3. blitz4848 says: Jun 7, 2011 6:07 PM

    Let’s check our list……

    1. USC—punished
    2. Thee OSU—in the crosshairs
    3. North Carolina—possibly the biggest of all
    4. Texas—may get to join their friends
    5. ________ Who’s next?

  4. spreadthecheese says: Jun 7, 2011 6:18 PM

    Free benefits? At Texas? Impossible.

  5. neyvit says: Jun 7, 2011 6:27 PM

    Let’s get something clear here. Every single big college football program has multiple players taking impermissible benefits every year. There are no exceptions. It is impractical to babysit 100+ athletes – in other words, preventing this has been and will always be near impossible.

    This is not a unique situation to USC, OSU, Texas, UNC, etc. It’s just the nature of the ‘business’ – and college football is most certainly a business.

    Whether or not it results in punishments for the schools/players is determined by three factors: 1) whether the media decides to investigate into it, 2) NCAA’s completely arbitrary and inconsistent enforcement of it’s rules, and 3) whether or not there is any paper trail.

  6. spreadthecheese says: Jun 7, 2011 6:33 PM


    When you get caught speeding do you tell the officer giving you a ticket that everyone else speeds, too?

  7. neyvit says: Jun 7, 2011 6:38 PM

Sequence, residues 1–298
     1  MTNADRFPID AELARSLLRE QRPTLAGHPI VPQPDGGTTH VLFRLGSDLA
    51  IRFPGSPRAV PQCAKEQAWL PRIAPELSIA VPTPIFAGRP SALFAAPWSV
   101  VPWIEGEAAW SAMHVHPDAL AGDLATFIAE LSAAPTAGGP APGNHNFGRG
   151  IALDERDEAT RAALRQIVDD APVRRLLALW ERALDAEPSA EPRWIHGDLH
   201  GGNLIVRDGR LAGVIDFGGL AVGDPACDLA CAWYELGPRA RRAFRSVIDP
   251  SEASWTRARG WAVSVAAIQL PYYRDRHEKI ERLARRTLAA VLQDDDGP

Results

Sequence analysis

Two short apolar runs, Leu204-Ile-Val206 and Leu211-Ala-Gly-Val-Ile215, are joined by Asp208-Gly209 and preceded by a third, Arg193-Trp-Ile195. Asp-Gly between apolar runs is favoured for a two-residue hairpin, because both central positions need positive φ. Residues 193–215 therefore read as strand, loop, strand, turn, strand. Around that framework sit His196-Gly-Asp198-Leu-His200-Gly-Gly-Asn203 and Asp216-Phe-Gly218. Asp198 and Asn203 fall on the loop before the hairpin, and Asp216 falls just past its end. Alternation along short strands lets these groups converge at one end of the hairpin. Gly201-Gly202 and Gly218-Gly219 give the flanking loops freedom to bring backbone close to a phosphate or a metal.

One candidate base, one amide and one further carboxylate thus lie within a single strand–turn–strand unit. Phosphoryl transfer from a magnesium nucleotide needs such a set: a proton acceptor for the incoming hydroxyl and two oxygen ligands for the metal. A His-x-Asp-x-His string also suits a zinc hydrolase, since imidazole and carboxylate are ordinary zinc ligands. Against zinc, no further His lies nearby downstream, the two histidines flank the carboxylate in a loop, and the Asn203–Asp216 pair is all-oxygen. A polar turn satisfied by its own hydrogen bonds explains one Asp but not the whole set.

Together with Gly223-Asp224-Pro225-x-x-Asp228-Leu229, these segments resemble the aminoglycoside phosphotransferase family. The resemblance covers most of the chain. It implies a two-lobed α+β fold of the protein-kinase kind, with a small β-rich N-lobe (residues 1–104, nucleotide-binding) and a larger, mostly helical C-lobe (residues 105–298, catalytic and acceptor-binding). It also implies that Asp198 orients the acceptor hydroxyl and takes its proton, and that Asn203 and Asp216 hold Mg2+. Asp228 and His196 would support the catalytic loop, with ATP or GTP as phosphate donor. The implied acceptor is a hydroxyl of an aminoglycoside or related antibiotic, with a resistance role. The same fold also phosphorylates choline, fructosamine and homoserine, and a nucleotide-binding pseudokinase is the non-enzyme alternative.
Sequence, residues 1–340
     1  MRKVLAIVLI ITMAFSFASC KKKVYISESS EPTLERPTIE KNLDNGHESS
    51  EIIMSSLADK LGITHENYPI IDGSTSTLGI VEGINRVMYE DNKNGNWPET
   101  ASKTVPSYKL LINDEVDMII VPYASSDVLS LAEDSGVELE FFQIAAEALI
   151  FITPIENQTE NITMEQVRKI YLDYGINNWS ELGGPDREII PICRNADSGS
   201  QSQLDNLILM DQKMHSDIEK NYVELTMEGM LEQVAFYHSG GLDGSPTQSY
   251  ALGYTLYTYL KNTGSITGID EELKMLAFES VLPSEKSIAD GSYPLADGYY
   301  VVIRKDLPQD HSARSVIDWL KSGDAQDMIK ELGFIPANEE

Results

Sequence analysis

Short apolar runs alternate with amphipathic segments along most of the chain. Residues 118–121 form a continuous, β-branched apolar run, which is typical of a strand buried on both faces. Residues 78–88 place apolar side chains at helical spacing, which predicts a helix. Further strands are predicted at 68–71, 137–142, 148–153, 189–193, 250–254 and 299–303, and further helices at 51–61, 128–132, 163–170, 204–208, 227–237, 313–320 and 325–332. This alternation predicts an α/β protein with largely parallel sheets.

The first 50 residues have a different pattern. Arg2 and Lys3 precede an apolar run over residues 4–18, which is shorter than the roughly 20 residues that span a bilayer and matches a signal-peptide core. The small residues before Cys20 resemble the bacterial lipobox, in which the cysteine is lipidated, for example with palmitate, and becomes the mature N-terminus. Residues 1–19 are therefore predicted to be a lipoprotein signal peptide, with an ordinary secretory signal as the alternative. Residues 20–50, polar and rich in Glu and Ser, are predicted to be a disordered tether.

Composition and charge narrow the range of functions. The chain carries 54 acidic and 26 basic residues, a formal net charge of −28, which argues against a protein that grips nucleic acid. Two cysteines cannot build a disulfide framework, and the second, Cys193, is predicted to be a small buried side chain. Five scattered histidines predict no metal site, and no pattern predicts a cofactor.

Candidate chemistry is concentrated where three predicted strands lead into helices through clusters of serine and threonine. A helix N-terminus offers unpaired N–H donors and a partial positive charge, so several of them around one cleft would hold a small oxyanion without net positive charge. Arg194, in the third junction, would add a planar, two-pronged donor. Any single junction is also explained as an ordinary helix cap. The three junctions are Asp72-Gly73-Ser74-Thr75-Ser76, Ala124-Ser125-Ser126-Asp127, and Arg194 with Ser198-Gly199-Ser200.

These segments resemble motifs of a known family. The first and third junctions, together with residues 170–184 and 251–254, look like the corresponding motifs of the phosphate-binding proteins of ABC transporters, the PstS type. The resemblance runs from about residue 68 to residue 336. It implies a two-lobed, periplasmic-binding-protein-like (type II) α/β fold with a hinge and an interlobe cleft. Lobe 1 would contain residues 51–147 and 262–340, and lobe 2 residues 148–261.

No, but I’m also not naive enough to the think the only time people speed is when they get a ticket.

    And I’m not a Texas fan trying to defend anything here if that’s what you were implying. Just making the obvious observation about glass houses.

  8. gorilladunk says: Jun 7, 2011 6:42 PM

    One more reason why the wives and girlfriends of players need to shut their pie hole!

  9. spreadthecheese says: Jun 7, 2011 6:44 PM


    I don’t believe that every program engages in this practice. I do think there are certain programs that do things the right way, and when you paint everyone in a broad stroke you make it easier to justify the benefits by saying “everyone’s doing it.”

  10. paparoach25 says: Jun 7, 2011 6:48 PM

    hahahhahahahhahhahahahahahhahahahhahahahahhahahahahahhahahahhaha lmao

  11. Deb says: Jun 7, 2011 6:48 PM

    My first thought seeing this headline was “Colt McCoy is married? That lil fella has a wife???” And of course, nothing good can come from a player’s wife ranting on a radio station.

    But … in all fairness to Mrs. McCoy, she was dead on the money! It is ridiculous to punish players and programs because people want to pick up the tab for their drinks and meals. Of course they do. These are the hometown heroes! And most of these kids have never had this kind of attention. How absurd to expect these kids to be calculating the dos and don’ts in their heads every minute of the day or night! The NCAA needs a kick in the backside for criminalizing this kind of thing. So what if a booster buys a kid dinner?

    And I am quite sure Texas isn’t the only place where people treat players to meals. Plus she made clear that the school continually cautions players against accepting.

  12. canetic says: Jun 7, 2011 6:56 PM

    I can’t believe Texas wasn’t already on the NCAA’s radar. If not, the entire NCAA staff should be under investigation.

  13. emmac13 says: Jun 7, 2011 7:06 PM